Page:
(4) A few commercial treaties mention the colonies for the purpose of making special provisions for them. The majority of the Portuguese treaties provide that colonial products reexported from the mother country shall receive the same treatment as Portuguese products. The treaty with France, however, limited 60 this concession to the products of certain colonies. The treaty between Portugal and Italy provides for most-favored-nation treatment of the products of the colonies of one country in the market of the other country, but explicitly withholds the like right in regard to the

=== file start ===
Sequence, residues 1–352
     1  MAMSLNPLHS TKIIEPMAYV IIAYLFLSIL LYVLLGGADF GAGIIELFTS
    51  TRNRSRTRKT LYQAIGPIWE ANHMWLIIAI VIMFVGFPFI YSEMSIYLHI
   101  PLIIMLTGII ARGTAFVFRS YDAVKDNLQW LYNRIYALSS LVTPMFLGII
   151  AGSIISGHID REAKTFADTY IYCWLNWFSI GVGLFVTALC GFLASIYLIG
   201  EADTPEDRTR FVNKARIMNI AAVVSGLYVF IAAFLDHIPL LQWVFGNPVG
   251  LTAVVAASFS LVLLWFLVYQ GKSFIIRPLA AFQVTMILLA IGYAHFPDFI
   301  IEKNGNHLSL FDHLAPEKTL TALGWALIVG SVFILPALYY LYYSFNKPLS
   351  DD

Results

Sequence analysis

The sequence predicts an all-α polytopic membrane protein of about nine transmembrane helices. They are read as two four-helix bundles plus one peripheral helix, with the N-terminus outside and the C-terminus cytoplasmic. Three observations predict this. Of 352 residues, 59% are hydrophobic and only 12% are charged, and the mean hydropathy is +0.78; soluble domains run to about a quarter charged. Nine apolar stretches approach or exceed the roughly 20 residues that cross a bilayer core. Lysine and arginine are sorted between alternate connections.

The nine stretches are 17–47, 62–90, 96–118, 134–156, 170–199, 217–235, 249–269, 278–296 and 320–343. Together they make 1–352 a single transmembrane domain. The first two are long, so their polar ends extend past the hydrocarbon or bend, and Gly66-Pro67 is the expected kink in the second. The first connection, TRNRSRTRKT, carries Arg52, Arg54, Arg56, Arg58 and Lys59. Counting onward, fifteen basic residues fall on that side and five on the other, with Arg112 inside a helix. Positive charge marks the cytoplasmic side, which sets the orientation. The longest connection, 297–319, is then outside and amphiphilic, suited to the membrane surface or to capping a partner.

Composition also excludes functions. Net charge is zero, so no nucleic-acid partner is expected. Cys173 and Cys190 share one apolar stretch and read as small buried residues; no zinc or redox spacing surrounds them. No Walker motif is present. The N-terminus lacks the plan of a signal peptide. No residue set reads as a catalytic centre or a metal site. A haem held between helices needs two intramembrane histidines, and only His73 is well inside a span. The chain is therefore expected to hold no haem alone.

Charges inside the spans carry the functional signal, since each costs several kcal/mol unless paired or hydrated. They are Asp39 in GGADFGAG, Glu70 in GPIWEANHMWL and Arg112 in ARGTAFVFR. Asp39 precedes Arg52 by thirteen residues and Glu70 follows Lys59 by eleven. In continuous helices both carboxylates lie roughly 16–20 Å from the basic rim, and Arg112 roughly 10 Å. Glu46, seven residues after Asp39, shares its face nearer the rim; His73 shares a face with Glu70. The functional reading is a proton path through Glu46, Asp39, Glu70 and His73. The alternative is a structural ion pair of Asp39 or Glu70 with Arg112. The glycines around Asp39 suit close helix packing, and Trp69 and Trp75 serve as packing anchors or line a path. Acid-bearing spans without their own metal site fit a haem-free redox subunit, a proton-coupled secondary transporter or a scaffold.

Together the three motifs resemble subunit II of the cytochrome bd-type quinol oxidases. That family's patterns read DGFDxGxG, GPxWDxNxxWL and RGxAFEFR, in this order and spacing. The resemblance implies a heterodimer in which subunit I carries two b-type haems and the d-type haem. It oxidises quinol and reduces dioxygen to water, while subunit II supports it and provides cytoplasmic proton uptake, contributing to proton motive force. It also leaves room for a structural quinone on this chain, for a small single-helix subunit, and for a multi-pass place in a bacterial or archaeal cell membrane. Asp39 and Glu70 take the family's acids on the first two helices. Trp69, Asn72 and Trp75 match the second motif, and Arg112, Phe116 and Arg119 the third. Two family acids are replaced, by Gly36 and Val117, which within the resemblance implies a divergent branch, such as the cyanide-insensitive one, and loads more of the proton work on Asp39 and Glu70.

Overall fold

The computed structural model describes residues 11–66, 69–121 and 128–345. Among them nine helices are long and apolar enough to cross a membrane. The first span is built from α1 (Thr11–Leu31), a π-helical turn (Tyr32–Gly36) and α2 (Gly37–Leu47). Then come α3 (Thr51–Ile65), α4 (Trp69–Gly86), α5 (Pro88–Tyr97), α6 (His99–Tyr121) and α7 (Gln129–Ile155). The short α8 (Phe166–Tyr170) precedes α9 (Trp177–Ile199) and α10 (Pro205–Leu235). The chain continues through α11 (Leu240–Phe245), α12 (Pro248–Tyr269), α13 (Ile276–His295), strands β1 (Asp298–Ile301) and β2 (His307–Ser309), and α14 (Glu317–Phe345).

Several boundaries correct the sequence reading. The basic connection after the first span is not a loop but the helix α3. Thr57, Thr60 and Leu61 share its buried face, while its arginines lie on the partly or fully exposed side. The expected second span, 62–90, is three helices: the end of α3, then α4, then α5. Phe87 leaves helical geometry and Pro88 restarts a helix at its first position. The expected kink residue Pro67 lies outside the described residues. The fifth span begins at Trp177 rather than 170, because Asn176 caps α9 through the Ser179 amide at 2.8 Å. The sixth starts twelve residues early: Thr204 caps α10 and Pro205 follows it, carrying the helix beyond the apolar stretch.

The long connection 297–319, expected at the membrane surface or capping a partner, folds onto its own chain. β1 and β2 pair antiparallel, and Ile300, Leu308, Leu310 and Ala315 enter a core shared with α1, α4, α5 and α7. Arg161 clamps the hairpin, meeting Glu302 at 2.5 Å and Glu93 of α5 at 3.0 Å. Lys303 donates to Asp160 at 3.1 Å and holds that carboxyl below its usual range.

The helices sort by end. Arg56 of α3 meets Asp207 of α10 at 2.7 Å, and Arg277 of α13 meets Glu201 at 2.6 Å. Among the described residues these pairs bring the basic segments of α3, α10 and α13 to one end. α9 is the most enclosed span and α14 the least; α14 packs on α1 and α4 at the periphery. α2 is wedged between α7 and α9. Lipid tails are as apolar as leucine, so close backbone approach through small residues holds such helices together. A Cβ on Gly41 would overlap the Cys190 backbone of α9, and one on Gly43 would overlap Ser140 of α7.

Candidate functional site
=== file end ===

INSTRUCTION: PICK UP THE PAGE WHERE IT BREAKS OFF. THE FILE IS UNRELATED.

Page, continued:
Malloy Treaties, Conventions, [etc.] of the United States, vol. 2, p. 1701.
60 The treaty has been denounced.
colonial markets. The treaty between Italy and Egypt excludes Eritrea from its provisions. In its reciprocity treaty with the United States, Cuba explicitly withholds any preferential reduction of duty upon American tobacco and that of the American insular possessions. Several treaties made by Great Britain and the Netherlands in the first half of the nineteenth century contain various special provisions in regard to trade with their colonies, most of them more restrictive than the policies now in force.